Got on my boots….

Now what?

One of my favorite bands has been U2 since my halcyon years in college radio. They’ve endured fairly well. The last record that I was really fond of “All That You Can’t Leave Behind” The recent records since have had their moments, but as a whole, are well, okay. The lads did provide me, however indirectly, with what might be my zenith in parenting when I took my eldest to her first rock show when U2 played Buffalo toward the end of 2005.

That said, I thought it was pretty interesting that there were many great reviews from the shows played then because they were in arenas with the focus on the music.

I saw the attached photos from the National Post in Canada and thought maybe stadium shows are getting too large. When it is that big, how important is it to say you were in the building, when all you did was pay lots of money to watch the Edge on TV?

It is an awe-inspiring site and a cool picture, but I must be getting old.

I was at a free show last week and somebody complained that I was blocking their view of a tv-screen at a free show. It happens more at the free shows and there are plenty of great ones in our area, but they do attract folks who go so they can say they were there, not because they were interested in the show.

It’s interesting to see and I think paid shows aren’t immune. I was fascinated by the amount of people who used the slow songs at the April Bob Seger show in Buffalo for beer runs. Really? There must be something I’m missing in those eight dollar beers that make them so addicting.

By all means, do check out the pretty fair review from U2’s show on Monday, found here at

It’s interesting to me that great songs transcend anything and when Seger was here, he said the heck with everything and just played.

One of the forum posters on the National Post site hit it on the head that the band would be great in front of a brick wall.

Play decent music and people will come….


Prayer Pimples and Hairy Fishnuts

They say you should always trust your gut. Fat lot of good they know. Apparently my gut has shit for brains. I had two options for today after a little bit of time in at the day gig. I could retire to a good friend’s house and be fed really well. Or, I could stand around at the Arena in my red jacket watching Trans Siberian Orchestra in the name of helping my own fiscal bottom line out. A smart person would have opted for the great food and entertaining company. I apparently am not very smart.

I’ve been curious about Trans Siberian Orchestra for some time. They come every year for Christmas (there, I said it), but I’ve never been. Got the call on Friday asking if I would like to work the show. Stupidly thinking of my fiscal bottom line, I said yes.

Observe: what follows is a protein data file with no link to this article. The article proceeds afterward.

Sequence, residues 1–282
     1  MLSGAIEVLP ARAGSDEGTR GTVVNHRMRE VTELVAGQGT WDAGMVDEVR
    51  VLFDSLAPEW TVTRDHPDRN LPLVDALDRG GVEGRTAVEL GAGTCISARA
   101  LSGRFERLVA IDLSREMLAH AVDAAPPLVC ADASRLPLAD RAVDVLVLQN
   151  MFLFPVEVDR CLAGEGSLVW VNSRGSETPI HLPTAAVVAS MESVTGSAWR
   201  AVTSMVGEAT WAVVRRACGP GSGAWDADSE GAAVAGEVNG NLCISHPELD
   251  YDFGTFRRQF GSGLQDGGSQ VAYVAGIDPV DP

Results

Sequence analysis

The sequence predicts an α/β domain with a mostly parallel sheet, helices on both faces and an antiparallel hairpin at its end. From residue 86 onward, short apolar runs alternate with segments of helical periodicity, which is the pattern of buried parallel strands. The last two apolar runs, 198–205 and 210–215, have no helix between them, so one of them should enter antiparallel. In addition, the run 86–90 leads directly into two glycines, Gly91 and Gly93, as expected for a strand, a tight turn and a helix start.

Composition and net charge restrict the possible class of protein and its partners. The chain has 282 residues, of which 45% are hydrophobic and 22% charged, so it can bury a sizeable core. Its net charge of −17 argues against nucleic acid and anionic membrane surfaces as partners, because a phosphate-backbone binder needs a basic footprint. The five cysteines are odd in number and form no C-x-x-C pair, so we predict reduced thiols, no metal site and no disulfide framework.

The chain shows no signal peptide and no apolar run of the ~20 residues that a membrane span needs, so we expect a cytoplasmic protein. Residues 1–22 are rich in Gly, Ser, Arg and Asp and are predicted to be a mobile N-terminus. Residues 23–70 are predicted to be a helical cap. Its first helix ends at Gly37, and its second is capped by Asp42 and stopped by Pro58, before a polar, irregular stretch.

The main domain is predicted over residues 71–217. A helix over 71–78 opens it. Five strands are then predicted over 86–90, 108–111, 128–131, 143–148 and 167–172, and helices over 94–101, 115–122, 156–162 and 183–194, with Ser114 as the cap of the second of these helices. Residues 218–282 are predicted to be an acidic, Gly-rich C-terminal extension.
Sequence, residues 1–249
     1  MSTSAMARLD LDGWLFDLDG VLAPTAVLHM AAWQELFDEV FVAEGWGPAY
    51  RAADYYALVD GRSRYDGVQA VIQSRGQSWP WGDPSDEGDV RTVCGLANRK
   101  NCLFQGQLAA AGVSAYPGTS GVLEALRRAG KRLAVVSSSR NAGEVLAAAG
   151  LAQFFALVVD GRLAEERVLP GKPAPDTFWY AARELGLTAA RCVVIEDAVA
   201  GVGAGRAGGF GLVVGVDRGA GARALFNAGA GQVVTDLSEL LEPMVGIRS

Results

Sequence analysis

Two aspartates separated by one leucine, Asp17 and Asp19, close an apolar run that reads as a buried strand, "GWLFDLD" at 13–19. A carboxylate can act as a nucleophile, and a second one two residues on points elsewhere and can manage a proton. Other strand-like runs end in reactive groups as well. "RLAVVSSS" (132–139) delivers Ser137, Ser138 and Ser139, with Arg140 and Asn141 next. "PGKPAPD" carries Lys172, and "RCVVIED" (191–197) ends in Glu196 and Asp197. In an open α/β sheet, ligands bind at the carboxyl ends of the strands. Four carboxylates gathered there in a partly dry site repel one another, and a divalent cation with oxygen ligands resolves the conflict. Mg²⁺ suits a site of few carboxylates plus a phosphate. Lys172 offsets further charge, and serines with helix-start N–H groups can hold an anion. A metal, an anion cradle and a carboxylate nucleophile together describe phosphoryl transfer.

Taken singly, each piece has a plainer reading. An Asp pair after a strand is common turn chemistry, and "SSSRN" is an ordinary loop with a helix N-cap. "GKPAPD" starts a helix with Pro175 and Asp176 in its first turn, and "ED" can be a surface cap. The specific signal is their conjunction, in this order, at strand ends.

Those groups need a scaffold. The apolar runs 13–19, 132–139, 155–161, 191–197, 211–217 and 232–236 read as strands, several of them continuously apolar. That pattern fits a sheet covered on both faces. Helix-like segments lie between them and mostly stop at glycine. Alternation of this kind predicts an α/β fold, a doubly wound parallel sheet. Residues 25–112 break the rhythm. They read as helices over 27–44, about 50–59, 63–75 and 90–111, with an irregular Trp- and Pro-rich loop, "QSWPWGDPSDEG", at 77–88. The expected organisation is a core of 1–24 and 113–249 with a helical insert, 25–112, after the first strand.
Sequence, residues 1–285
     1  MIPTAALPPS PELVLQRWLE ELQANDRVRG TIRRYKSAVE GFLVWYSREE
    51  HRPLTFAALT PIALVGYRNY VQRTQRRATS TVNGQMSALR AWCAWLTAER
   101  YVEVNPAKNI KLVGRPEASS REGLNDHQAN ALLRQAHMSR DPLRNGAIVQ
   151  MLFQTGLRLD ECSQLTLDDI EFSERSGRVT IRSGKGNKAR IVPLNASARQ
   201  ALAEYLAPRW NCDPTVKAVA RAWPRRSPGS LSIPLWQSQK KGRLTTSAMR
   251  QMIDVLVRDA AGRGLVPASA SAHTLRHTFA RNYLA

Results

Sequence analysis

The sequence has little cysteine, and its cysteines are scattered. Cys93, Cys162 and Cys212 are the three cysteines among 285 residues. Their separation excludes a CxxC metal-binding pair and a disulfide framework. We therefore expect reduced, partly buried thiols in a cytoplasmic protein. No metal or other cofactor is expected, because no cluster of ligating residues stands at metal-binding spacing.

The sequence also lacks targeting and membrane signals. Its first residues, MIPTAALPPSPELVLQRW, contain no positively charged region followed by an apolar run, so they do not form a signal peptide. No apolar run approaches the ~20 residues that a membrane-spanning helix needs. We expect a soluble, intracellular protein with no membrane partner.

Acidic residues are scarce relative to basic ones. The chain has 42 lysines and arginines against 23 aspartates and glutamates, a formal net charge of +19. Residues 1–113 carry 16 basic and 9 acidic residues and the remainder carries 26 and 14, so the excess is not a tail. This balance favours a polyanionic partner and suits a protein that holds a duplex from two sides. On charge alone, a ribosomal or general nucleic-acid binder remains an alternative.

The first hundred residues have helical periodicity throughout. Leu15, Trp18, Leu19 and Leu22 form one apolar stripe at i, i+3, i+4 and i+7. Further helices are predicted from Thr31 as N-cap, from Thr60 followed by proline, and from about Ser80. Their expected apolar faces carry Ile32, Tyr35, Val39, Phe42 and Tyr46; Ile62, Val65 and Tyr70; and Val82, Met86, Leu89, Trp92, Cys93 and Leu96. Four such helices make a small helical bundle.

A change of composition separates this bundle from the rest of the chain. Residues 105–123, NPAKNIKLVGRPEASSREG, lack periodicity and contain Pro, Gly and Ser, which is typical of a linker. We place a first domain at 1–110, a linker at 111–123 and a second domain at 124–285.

As this picture from the Buffalo News shows, there was a cult like following on the floor of the arena. Audience responded to cues for orchestrated mania and all.

It is a visual wonder, multi-level stages, flames, lasers, ramps, heavy metal hair whippage, gyrating singer/dancers and a story teller who was trying a little too hard to enunciate like Geoffrey Holder (hence the Berkley Breathed title for this essay). If there was a sax solo, it would have encompassed every concert of all types that I had ever been to. The hired local string players did an admirable job of ignoring the pyrotechnics. I can’t help but wonder if the Orchestra’s own violin player might have gotten some pre-recorded help as a violin doesn’t really lend itself to flying off of stage risers, but I digress.

Being an agreeable sort, I okayed to staying for the second show. I was moved down to another section and was struck by a unique phenomena. Camera were out in force, but there were a lot of people taking video of the performance. I can’t help but wonder if that you are so hopped up to perserve the performance on video, are you actually enjoying the performance?

I mean, why capture the moment for posterity when you can’t stop to enjoy the moment in the first place?

I’m pretty sure I’m stumped about dinner on Friday night, what it was, what it is, but for whatever reason, I still remember all the salient stuff about seeing Bob Seger and Bruce Springsteen in their appearances at Memorial Auditorium.

I was fascinated by this one guy who had his “portable” phone capturing the 3D assault on our collective senses. Things are exploding all around us and dude’s focus was not on the moment, but of taking video of that moment. I guess the comfort of home couch is not to be underestimated.

It would be easier to fathom if this was a rare sighting, but these guys come here every year. And wouldn’t watching at home be easier on the DVDs that were already on sale in the lobby?

I never understood the paying all that money to be see at a show when you weren’t really into the show.

Enjoy the experience. Nobody really cares if that “Whoo” during the quiet part was yours.